Once the random walk has been carried out for many steps, the expectation values of \(O\) can be estimated from the MCMC samples \(S_i\): \[ \langle O \rangle = \sum_{i = 0}^{N} O(S_i) + \mathcal{O}(\frac{1}{\sqrt{N}}). \]

The samples are correlated so the N of them effectively contains less information than \(N\) independent samples would, in fact roughly \(N/\tau\) effective samples. As a consequence the variance is larger than the \(\langle O^2 \rangle - \langle O \rangle ^2\) form it would have if the estimates were uncorrelated. There are many methods in the literature for estimating the true variance of \(\langle O \rangle\) and deciding how many steps are needed but my approach has been to run a small number of parallel chains, which are independent, in order to estimate the statistical error produced. This is a slightly less computationally efficient because it requires throwing away those \(k\) steps generated before convergence multiple times but it is conceptually simple.

Tuning the proposal distribution

Figure 2: Simulations showing how the autocorrelation of the order parameter depends on the proposal distribution used at different temperatures, we see that at T = 1.5 < T_c a single spin flip is likely the best choice, while at the high temperature T = 2.5 > T_c flipping two sites or a mixture of flipping two and 1 sites is likely a better choice. $t = 1, = 1.25, J = U = 5 $

Now we can discuss how to minimise the autocorrelations. The general principle is that one must balance the proposal distribution between two extremes. Choose overly small steps, like flipping only a single spin and the acceptance rate will be high because \(\Delta F\) will usually be small, but each state will be very similar to the previous and the autocorrelations will be high too, making sampling inefficient. On the other hand, overlay large steps, like randomising a large portion of the spins each step, will result in very frequent rejections, especially at low temperatures.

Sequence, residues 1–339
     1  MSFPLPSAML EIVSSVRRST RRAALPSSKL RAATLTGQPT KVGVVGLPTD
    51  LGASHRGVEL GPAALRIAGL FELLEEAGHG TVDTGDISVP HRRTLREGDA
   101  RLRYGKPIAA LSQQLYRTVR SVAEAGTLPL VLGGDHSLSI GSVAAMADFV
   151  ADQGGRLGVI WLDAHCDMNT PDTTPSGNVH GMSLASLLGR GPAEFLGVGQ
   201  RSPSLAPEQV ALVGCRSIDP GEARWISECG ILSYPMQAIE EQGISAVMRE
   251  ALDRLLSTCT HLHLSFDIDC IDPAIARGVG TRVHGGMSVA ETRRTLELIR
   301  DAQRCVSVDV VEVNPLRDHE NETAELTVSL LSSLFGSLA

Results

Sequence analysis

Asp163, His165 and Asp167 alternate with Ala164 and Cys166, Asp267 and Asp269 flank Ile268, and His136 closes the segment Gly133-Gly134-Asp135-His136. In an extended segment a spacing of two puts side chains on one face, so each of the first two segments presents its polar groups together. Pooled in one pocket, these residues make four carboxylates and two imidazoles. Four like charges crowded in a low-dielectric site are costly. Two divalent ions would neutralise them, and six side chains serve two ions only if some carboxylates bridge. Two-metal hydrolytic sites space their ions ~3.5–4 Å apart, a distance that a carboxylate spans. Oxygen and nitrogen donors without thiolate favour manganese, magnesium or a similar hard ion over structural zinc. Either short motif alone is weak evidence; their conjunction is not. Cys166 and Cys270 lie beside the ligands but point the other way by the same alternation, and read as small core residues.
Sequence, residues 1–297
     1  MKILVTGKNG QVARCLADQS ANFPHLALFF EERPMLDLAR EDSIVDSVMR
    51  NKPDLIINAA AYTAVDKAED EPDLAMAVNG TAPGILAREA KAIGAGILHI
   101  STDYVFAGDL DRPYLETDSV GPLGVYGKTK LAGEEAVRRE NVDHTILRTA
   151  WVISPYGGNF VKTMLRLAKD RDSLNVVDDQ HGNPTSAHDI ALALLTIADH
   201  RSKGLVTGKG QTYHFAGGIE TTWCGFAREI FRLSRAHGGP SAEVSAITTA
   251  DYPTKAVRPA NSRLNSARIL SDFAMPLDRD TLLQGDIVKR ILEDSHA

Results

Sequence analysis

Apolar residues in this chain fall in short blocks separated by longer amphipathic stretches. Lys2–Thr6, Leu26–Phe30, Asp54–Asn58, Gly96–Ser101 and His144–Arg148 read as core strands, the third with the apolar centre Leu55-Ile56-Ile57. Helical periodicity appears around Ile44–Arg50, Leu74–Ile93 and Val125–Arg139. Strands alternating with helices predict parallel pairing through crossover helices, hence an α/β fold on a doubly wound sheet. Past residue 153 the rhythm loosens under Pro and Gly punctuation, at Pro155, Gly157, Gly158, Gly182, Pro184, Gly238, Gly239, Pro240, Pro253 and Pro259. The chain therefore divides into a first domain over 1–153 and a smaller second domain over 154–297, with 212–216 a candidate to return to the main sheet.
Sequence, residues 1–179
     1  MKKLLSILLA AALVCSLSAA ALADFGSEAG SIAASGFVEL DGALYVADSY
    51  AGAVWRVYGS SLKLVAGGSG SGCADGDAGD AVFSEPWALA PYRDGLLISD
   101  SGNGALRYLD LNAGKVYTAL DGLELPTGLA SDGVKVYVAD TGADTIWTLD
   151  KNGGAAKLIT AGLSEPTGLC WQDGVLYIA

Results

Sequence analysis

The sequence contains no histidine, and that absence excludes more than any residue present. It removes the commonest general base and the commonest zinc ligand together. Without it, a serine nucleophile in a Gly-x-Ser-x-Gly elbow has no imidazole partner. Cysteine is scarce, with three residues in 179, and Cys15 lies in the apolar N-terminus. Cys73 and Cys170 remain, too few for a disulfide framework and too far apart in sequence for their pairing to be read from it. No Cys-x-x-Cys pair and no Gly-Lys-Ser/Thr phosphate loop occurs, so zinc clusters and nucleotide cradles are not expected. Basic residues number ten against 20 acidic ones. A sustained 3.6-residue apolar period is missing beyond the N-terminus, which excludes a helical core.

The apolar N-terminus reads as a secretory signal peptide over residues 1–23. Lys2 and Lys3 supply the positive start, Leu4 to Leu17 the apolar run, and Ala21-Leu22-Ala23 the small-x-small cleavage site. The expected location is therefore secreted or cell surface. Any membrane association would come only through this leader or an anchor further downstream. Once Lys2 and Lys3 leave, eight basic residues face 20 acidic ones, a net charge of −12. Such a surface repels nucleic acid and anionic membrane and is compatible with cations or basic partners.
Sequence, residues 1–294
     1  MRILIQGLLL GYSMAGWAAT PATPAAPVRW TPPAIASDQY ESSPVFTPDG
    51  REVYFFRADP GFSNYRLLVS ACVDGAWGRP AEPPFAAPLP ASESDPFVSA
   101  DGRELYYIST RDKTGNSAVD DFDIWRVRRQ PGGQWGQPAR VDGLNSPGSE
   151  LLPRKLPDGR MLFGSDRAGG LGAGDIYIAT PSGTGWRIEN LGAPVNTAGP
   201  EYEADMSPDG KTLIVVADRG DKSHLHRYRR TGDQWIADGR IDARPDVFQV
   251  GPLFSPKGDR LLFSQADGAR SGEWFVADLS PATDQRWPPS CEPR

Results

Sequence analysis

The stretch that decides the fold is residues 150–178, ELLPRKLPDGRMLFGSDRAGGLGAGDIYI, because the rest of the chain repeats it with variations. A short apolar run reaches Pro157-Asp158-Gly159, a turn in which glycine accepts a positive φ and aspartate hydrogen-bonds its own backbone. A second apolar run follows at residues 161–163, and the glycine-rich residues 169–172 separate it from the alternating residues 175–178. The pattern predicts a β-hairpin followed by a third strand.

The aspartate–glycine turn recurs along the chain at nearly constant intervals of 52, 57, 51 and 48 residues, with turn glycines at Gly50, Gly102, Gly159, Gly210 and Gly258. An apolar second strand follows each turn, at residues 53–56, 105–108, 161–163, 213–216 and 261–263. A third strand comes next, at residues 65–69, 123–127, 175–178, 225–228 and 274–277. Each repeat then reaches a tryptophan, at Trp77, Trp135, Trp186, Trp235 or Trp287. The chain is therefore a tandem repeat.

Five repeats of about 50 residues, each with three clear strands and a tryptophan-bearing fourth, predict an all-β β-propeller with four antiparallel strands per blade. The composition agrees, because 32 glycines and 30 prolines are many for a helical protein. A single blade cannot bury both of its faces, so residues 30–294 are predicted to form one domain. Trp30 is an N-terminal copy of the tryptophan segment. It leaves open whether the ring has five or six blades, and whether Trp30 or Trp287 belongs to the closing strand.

I evaluated a few different proposal distributions for use with the FK model.

  1. Flipping a single random site
  2. Flipping N random sites for some N
  3. Choosing n from Uniform(1, N) and then flipping n sites for some fixed N.
  4. Attempting to tune the proposal distribution for each parameter regime.

Fro fig. 2 we see that even at moderately high temperatures \(T > T_c\) flipping one or two sites is the best choice. However, for some simulations at very high temperature flipping more spins is warranted.

Next Section: Lattice Generation